Book Clubs are Starting!

Tuesday, April 15, 2014

      I walked into the first week of Book Clubs in kindergarten today.  It was amazing.  Picture it...  Collections of books of their favorite characters, all spread out at a table with readers holding them.  Some were reading the words, others were reading the pictures, some were describing the characters to their friends, all were smiling.   Clifford, No David, Piggie and Gerald, Fancy Nancy and Curious George were the guests of honor.  It was amazing.  Let me tell you why...

The kids were talking about the books, all on their own.

They were listening to each other's ideas.

They were adding their own ideas.

They were applying all those character strategies they have learned this year.

They were READERS.

     I happened to experience this lovely event in Mrs. Surma's room, although I know Mrs. Carrera had done it the day before as well.  After my initial awe at them gathered around a collective set of books and having conversations, I then looked at their written response.  They had spent time reading and discussing books, and then when they were told "Markers up!" they were able to write works to describe their characters.  The words they used were amazing.  In kindergarten, the standard hopes that they can name literal things and infer emotion in a character.  Some of their words?

naughty    friendly     pretty    nice    helpful     messy     fancy     happy     depressed    quiet    patient    silly   respectful

Yes...  They called Fancy Nancy depressed.  Why?  Because she was lonely, of course.  :)
**And no, they did not spell the words correctly.  It actually added to the charm of it all.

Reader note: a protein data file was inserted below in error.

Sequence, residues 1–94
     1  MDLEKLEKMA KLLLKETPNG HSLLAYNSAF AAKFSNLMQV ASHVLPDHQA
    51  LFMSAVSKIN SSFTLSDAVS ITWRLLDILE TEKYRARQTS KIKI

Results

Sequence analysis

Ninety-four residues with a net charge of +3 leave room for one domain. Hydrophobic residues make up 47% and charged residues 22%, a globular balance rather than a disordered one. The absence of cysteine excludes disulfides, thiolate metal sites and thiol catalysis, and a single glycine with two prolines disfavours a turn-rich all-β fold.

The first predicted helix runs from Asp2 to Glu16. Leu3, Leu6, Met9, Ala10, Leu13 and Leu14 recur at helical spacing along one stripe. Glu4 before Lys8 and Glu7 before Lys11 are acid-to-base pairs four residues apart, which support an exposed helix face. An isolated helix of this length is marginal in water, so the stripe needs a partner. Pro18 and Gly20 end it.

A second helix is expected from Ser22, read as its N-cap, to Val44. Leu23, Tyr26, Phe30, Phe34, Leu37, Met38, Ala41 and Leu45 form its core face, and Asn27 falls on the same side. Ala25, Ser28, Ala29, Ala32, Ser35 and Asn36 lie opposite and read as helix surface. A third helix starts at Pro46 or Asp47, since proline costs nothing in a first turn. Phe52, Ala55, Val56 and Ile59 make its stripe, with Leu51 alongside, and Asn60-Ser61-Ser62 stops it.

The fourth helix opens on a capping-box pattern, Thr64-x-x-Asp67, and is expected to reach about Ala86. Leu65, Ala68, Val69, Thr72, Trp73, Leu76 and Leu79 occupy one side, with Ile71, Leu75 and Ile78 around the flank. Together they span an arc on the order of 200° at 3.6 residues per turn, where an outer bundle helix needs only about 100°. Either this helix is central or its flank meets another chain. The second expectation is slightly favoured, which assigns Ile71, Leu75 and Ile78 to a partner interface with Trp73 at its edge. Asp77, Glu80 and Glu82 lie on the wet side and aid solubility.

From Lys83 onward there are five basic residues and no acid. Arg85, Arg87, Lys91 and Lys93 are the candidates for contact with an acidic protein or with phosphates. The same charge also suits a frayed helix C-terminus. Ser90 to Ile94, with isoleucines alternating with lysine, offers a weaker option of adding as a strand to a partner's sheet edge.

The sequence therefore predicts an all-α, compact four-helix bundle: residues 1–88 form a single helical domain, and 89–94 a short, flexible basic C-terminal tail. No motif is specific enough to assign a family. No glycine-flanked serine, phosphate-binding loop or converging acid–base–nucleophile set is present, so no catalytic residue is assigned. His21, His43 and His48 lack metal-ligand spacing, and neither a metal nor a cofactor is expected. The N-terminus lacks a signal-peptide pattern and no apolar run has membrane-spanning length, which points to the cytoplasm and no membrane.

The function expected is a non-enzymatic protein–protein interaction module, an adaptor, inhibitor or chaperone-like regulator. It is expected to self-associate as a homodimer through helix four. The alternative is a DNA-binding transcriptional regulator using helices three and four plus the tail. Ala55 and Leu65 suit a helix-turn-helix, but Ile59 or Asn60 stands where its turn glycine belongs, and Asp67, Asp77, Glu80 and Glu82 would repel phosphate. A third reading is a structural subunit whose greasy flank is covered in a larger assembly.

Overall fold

My favorite moment came when they had their share at the end of the workshop.  One of the book clubs came to the front, and Mrs. Surma asked a student from the group why they felt Fancy Nancy was "fancy."  The little girl replied, "I didn't write fancy."  The response?  "That's ok.  Someone in your group wrote it.  Why is she fancy?"  That, in a nutshell, describes what I hope for Book Clubs to be at Hiawatha.  Collaborative.  

     Reading groups are not new to us.  With guided reading, we offer a lot of support.  Reading level wise, as well as conversation wise.  The children are given many scaffolds for success.  In strategy groups and comprehension groups, they get a little less support, but they still rely on us to really lead the group.  Book Clubs can be the point in the year where kids take control of their learning.  They can listen to their peers.  They can share ideas.  They can synthesize what they book says into a collective thought or many new ideas.  They can demonstrate their learning from the whole year, all on their own.

     For many reasons, this year will be an introduction to Book Clubs.  We still have some work to do on getting our students to listen and communicate with each other, in addition to having deeper conversations about the text itself.  Literature Circles could be compared to Book Clubs, but in the time of the Common Core standards, gone are the days when kids only have to know how to do their one isolated role.  They need to know how to use specific lenses in combination with other lenses.  We are raising the bar a bit.  

     In fourth grade, I also happened to walk into the first week of Book Clubs.  I saw their teacher, Miss Betz, sitting with them and explaining the norms for their group.  She explained the Google doc that they would use to collect their thoughts about the setting, signs, and character traits.  She asked them if they had any questions, and then said, "Ok, I will leave you to read now."  She got up and walked over to check on another group, stopped long enough to do a shared entry with them on their Google doc, and then scanned the room again.  

     In Mrs. Horne's room, they were doing Book Clubs using picture books to analyze the setting.  The discussion prompts were on the SMART Board to give their conversations some structure.  What is the setting?  How does the setting change?  What impact does the setting have on the character?  It was actually pretty interesting seeing how the students responded to these questions.  One group had a debate about whether the setting changed or not if it was only in his imagination.  Another group was reading Swimmy, and they said "In the ocean" and were happy to be done.  Because we were listening, both groups got the feedback they needed to help move them along, and then were released back on their own.